Immunoglobulin G4-related gastrointestinal diseases, are they immunoglobulin G4-related diseases?

Satomi Koizumi, Terumi Kamisawa, Sawako Kuruma, Taku Tabata, Kazuro Chiba, Susumu Iwasaki, Yuka Endo, Go Kuwata, Koichi Koizumi, Tooru Shimosegawa, Kazuichi Okazaki, Tsutomu Chiba

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41 Citations (Scopus)


In immunoglobulin G4 (IgG4)-related disease (RD), organ enlargement or nodular lesions consisting of abundant infiltration of lymphocytes and IgG4-positive plasma cells and fibrosis are seen in various organs. Although infiltration of many IgG4-positive plasma cells is detected in the gastric and colonic mucosa and major duodenal papilla of patients with autoimmune pancreatitis, it cannot be diagnosed as a gastrointestinal lesion involved in IgG4-RD, because none of the following is observed in these lesions: a mass-like formation; dense fibrosis; or obliterative phlebitis. Based on our review of the literature, there appear to be two types of IgG4-related gastrointestinal disease. One is a gastrointestinal lesion showing marked thickening of the wall of the esophagus and stomach, consisting of dense fibrosis with abundant infiltration of IgG4-positive plasma cells, which usually show submucosal spreading. The other is an IgG4-related pseudotumor occurring in gastrointestinal regions such as the stomach, colon, and major duodenal papilla, showing polypoid or mass-like lesions. Most solitary IgG4-related gastrointestinal lesions that are not associated with other IgG4-RD appear to be difficult to diagnose. It is of utmost importance to rule out malignancy. However, these lesions may respond to steroid therapy. To avoid unnecessary resection, IgG4- related gastrointestinal diseases should be considered in the differential diagnosis.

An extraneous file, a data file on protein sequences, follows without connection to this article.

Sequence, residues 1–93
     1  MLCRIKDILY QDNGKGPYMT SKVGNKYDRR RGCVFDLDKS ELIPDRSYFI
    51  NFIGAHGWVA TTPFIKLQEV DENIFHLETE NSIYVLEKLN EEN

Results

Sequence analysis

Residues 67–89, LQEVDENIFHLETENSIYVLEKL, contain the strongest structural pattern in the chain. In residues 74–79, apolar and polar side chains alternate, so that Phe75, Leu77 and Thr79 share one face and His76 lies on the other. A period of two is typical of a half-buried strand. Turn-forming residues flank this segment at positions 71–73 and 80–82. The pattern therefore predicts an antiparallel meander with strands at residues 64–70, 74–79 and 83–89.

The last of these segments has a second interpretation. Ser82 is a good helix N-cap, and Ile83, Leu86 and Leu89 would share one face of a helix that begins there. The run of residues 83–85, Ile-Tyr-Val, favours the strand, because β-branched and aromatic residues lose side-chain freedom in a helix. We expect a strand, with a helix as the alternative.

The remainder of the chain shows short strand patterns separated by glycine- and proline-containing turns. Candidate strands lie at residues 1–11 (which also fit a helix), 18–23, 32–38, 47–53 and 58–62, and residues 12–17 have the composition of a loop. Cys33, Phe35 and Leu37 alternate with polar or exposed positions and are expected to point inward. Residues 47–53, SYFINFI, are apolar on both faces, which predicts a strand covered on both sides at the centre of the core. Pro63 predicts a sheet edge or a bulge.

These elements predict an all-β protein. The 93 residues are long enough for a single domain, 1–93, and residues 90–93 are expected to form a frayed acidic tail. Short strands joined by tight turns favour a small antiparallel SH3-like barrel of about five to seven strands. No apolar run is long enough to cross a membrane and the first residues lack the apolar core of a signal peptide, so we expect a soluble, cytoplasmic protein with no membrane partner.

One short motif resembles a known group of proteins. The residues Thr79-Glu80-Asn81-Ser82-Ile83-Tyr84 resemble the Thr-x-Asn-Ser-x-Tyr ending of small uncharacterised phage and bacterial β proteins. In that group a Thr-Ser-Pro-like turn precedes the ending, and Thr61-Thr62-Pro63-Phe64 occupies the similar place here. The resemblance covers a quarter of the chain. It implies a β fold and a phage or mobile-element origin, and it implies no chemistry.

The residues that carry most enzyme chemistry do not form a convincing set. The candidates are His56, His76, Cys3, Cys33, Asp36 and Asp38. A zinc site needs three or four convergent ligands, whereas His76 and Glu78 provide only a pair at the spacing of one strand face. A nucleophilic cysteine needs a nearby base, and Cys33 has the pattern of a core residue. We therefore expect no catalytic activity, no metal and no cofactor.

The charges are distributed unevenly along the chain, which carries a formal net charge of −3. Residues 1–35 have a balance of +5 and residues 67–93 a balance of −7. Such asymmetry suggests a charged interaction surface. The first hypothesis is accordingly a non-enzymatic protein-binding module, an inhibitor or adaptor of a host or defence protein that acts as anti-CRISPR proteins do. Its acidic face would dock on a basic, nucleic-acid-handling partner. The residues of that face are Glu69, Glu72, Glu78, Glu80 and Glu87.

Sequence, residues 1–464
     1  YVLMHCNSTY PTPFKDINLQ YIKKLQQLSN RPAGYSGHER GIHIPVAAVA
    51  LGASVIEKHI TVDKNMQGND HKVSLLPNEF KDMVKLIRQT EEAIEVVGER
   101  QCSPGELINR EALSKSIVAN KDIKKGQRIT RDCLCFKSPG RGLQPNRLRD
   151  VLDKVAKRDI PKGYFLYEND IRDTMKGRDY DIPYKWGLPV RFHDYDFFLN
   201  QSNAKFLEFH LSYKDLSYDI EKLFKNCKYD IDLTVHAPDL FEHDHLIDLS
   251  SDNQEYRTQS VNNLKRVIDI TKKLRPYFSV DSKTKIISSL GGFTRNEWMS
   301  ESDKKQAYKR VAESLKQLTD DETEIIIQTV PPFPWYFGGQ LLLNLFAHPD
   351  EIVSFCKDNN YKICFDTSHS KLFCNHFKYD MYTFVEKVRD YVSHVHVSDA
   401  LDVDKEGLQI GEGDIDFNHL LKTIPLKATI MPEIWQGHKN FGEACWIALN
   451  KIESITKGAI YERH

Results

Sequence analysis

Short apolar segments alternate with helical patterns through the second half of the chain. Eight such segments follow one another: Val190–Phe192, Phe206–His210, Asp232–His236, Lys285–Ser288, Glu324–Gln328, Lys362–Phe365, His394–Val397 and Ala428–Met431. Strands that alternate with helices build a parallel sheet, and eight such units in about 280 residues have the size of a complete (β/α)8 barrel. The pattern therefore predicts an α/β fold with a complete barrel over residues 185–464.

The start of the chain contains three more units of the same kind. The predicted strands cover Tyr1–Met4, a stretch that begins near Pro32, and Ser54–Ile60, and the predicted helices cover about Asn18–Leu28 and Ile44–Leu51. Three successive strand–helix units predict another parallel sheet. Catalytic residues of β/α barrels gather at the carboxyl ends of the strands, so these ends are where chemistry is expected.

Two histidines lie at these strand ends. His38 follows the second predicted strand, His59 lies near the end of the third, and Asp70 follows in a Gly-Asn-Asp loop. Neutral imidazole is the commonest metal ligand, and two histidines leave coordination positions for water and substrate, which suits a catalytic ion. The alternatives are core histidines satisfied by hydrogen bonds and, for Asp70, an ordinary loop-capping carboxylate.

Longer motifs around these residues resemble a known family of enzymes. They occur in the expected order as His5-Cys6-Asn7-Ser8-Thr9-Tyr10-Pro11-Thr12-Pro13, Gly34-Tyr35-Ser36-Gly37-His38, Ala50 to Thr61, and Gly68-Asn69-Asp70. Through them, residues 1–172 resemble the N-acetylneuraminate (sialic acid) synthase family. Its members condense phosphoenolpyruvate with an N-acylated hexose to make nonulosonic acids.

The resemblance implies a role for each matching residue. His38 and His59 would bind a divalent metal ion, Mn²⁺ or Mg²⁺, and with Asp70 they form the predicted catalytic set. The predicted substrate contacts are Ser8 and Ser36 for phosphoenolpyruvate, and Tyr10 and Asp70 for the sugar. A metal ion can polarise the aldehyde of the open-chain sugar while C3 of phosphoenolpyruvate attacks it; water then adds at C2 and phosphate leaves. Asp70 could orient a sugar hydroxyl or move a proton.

Original languageEnglish
Pages (from-to)5769-5774
Number of pages6
JournalWorld Journal of Gastroenterology
Issue number35
Publication statusPublished - 2013 Sep 21


  • Autoimmune pancreatitis
  • Colonic polyp
  • Gastritis
  • Immunoglobulin G4
  • Ulcerative colitis

ASJC Scopus subject areas

  • Gastroenterology


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